CLEARWATER, Fla. (AP) -- When a high-ranking woman at the Clearwater Marine Aquarium spotted a security camera in a room where visiting workers changed clothes, it should have prompted a swift investigation and an apology to the women who were "accidentally and unintentionally" recorded, but instead it was hushed up for six months, an internal investigation found.
The law firm that conducted this investigation decided it wasn't necessary to request a criminal investigation, board of directors chairman Paul Auslander said, and none of the women who were recorded has filed a complaint, but Clearwater Police Chief Dan Slaughter said he's assigning officers to evaluate the case, according to a report in the Tampa Bay Times.
Two aquarium executives watched the video before deleting it, but they were just trying to figure out what to do with the recording, the law firm determined, according to Auslander.
"It was a huge, colossal mistake, but it wasn't boys being boys," Auslander said. "I'm sickened that this happened and it's not going to happen ever again."
The situation began when chief veterinarian Shelly Marquardt informed operations director Chris Dalton about the camera on Dec. 28. Dalton said that when he returned to work on Jan. 4, he spotted Mike Hurst, vice president of operations and zoological care, watching a video of the women in his office. Hurst told him he had already showed it to CEO Frank Dame, and tried to get him to watch it, too, Dalton said.
Dalton said he declined, and then Hurst said that "if I ever told anyone about Frank (Dame) and him watching the videos, then he would fire me," according to the June 14 email he sent to the chairman of the board.
"I didn't have anyone I felt I could go to," Dalton said in an interview. "I had this burden on me for six months."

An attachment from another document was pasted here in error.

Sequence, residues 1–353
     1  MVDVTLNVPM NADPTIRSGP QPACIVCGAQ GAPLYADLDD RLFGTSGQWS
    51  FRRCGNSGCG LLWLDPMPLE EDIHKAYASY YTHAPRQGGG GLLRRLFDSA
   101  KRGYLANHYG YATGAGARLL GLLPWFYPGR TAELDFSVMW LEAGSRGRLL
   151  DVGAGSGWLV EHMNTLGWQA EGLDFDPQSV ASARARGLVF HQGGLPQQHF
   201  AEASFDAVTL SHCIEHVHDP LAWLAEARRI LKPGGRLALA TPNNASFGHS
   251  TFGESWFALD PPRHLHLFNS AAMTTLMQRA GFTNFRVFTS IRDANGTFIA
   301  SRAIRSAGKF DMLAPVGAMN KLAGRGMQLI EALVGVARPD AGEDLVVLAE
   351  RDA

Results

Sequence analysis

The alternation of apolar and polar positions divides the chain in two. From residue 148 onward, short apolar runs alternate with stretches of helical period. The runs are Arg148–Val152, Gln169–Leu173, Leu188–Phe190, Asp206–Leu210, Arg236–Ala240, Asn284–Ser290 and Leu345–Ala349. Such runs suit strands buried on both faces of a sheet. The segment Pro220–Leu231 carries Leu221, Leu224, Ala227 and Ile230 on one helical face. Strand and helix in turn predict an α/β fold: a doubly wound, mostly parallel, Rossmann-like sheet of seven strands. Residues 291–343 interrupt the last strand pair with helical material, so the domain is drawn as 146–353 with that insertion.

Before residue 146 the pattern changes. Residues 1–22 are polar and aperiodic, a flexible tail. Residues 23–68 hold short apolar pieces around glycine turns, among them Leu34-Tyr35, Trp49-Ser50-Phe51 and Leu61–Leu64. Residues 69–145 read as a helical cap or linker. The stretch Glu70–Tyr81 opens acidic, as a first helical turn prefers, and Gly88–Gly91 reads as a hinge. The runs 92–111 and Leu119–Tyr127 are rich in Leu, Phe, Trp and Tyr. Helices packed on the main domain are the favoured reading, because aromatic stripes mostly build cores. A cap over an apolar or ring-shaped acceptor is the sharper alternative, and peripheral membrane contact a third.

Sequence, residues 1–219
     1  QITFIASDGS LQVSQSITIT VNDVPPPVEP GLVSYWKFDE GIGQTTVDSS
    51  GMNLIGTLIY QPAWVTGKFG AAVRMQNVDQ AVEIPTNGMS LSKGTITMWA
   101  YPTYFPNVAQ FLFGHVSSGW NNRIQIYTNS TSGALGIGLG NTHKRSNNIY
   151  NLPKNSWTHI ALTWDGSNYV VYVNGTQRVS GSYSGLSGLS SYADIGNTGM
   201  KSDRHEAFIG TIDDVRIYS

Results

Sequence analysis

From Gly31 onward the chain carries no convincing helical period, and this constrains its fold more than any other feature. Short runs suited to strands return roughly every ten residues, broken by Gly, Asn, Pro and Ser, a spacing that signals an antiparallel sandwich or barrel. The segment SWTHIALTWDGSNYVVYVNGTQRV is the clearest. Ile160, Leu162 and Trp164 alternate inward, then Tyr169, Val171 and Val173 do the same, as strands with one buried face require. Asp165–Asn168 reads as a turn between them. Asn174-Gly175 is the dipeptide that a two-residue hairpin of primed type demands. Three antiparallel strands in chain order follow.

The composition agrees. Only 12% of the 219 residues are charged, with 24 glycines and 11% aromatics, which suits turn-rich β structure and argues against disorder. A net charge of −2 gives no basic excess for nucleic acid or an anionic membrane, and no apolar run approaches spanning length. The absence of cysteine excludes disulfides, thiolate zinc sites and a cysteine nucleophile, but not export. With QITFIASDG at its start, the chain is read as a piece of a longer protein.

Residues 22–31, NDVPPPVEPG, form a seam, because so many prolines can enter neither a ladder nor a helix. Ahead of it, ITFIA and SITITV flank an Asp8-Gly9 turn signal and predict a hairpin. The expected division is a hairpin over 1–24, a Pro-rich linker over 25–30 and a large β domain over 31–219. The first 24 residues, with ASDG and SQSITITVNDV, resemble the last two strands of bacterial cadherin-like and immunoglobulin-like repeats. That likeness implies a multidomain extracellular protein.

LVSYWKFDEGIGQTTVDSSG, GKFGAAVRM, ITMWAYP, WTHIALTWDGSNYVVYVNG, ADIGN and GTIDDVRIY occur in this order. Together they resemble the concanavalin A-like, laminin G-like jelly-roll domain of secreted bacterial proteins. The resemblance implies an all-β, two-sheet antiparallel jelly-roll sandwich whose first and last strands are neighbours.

Only when Dalton got another job outside Florida did he alert Auslander, who hired the law firm to investigate. It interviewed 15 current and former employees and did a forensics analysis of computers, phones and iPads of five employees before concluding that the recording was not intentional and the viewing was a case of Hurst and Dame wondering what they should do, the newspaper reported.
The forensics analysis also found that the video was not copied before it was deleted, Auslander added.
Hurst resigned on July 31 while on paid leave amid the investigation, and the organization is evaluating whether discipline for other employees is necessary, he said.
The room where the women changed clothes was described as a utility room near the dolphin tank. Auslander said they're trying to determine why a camera was there in the first place. Hurst, who had worked there for 11 years, was in charge of the camera program, which is "one of the reasons Mike Hurst is not there anymore," Auslander said.
Hurst did not respond to attempts to reach him and Dame deferred comment to Auslander; a representative of the workers who were recorded also declined to comment, the newspaper reported.
The aquarium is nearing completion of an $80 million expansion at its facility, which includes new dolphin pools, new guest space and expanded education and hospital facilities.